US 4837055 A
A supported membrane comprising a non-woven monofilament support layer wherein dense membranes with a maximum width of 5000 μm are surrounded by filaments. The invention further relates to a process for the preparation of said supported membranes.
1. A process for preparing a dense hole-free membrane supported on a non-woven monofilament support layer, which process comprises coating a non-woven monofilament support layer with a solution of a polymer in a solvent, the polymer selected from the group consisting of polyalkylene, polydimethyl siloxane, polyurethane, and styrene-butadiene-styrene rubber, removing at least part of the solvent from the coated layer and forming a dense hole-free membrane having a maximum width of about 5000 μm and a thickness less than about 25 μm in areas surrounded by the monofilaments of the support layer.
2. The process of claim 1 wherein coating the support layer comprises submerging the layer in the solution of a polymer.
3. The process of claim 2 wherein removing the solvent from the coated support layer comprises evaporating the solvent at an elevated temperature.
4. The process of claim 1 a surface active agent is added to the polymer solution.
5. The process of claim 4 wherein the surface active agent is selected from the group consisting of stearinic acid and polyisobutylene maleic acid anhydride triethylene pentaacetate.
6. The process of claim 1 wherein the polymer is polypropylene and wherein the coating temperature and solvent removing temperature is above about 140
7. The process of claim 5 wherein the polymer is polypropylene and wherein the coating temperature and solvent removing temperature is above about 120
8. The process of claim 7 wherein the non-woven support layer is a polyester mesh and the surface active agent is stearinic acid.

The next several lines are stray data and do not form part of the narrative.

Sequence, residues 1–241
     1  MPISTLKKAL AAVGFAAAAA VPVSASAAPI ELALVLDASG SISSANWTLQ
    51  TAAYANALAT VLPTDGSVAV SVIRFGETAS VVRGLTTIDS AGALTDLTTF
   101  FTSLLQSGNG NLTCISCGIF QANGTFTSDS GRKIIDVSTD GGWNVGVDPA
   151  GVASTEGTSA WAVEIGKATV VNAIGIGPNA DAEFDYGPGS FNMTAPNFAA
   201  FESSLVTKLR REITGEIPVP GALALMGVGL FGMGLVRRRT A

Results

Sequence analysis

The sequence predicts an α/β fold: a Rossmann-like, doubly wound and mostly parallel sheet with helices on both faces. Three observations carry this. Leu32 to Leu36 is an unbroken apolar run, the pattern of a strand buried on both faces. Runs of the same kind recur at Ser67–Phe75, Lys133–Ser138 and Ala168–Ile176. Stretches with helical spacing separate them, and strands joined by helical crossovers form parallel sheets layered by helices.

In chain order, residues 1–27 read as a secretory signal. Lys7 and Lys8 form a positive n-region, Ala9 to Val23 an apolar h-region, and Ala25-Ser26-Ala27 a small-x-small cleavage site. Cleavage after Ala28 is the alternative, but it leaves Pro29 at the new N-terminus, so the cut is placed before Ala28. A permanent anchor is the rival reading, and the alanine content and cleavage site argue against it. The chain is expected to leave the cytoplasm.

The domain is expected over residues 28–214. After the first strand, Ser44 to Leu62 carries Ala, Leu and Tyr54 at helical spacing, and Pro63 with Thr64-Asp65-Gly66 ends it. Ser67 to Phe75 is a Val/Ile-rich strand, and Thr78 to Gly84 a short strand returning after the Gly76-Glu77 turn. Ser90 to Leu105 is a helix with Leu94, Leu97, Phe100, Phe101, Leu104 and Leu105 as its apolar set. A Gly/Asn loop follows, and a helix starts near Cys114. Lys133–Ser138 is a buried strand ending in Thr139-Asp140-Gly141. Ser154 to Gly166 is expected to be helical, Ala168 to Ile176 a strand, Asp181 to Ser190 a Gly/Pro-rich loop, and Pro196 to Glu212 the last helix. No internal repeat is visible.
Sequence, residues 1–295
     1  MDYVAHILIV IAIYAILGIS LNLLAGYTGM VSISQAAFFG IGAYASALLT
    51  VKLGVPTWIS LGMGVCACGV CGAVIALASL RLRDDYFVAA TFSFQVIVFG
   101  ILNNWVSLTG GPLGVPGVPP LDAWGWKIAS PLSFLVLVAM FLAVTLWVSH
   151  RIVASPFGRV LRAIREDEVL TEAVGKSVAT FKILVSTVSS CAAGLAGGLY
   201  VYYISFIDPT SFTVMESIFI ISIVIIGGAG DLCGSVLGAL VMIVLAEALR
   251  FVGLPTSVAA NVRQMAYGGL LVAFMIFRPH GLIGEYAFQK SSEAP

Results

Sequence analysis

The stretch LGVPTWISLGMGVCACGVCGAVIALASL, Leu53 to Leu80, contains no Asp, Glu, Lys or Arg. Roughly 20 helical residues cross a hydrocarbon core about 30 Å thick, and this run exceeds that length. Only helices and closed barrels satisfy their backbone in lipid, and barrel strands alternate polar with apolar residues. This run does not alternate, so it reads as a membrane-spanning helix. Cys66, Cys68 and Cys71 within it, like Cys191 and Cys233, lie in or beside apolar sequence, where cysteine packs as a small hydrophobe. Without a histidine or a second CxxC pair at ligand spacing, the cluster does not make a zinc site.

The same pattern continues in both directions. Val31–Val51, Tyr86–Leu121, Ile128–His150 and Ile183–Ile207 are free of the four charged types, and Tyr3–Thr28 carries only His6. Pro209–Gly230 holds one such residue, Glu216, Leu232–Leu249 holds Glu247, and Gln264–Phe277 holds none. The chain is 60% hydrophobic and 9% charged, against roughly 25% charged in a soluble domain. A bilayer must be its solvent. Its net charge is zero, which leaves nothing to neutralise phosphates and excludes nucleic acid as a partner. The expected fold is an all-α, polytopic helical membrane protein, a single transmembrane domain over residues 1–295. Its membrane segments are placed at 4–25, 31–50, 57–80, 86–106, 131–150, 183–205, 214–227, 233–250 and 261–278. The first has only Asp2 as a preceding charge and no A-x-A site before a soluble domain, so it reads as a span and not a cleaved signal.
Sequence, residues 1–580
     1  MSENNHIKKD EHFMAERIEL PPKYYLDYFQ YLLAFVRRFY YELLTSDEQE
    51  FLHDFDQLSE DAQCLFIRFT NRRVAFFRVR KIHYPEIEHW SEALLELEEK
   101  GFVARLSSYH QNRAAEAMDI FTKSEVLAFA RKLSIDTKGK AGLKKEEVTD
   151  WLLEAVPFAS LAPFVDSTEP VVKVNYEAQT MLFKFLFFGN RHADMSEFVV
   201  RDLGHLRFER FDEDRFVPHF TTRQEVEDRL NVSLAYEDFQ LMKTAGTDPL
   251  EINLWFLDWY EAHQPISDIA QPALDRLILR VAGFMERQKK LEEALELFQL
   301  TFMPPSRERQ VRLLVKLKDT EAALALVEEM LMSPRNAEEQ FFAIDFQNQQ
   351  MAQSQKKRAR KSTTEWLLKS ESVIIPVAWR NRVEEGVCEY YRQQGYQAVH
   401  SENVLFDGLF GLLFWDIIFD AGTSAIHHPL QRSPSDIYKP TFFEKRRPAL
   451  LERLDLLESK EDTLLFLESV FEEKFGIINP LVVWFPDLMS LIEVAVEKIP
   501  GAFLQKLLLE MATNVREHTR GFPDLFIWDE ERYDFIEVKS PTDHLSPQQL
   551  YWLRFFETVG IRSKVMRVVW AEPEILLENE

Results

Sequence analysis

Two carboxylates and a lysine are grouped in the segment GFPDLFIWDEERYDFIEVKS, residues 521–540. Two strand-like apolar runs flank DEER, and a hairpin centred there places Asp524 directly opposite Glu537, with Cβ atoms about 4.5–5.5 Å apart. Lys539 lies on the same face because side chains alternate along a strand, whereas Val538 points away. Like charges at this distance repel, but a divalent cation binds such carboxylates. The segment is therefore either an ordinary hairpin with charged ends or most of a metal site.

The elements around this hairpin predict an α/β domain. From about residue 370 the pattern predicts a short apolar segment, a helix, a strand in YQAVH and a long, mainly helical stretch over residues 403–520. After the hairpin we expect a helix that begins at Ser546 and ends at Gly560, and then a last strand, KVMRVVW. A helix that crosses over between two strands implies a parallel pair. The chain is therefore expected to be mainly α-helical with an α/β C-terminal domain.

9. The process of claim 7 wherein the non-woven support layer is a steel mesh and the surface active agent is stearinic acid.
10. The process of claim 1 wherein the non-woven support layer is polyester mesh, the polymer is styrene-butadiene-styrene rubber and the solvent is cyclohexane.
11. The process of claim 5 which further comprises heat treating the membrane, after removing the solvent, at a temperature from about 100 hours.
12. The process of claim 11 wherein the non-woven support layer is a polytetrafluoroethylene mesh, the polymer is polydimethyl siloxane, the solvent is isooctane, the surface active agent is polyisobutylene maleic acid anhydride triethylene pentaacetate, the temperature of heat treating is 120
The invention will be further illustrated by means of the following Examples.
A non-woven monofilament polyester mesh comprising openings having a width of 49 μm was, after cleaning with n-hexane, submerged at a temperature of 20 styrene/butadiene/styrene block copolymer dissolved in cyclohexane, dried at 50 50 copolymer/m.sup.2 mesh, permitting a carbon dioxide gas flux of 120 m.sup.3 (S.T.P.)/bar,m.sup.2,day through the dense membranes formed in the mesh openings.
A similar cleaned polyester mesh as described in Example 1 was submerged in a solution comprising 5% by weight of polypropylene and 1% by weight of stearinic acid in decalin at a temperature of 150 maintained during drying of the coated mesh. Accordingly, dense membranes were obtained which covered 20% of the total supported membrane area, the remaining area being covered by the monofilaments of the mesh; the coating amounted to 14 g polypropylene/m.sup.2 mesh.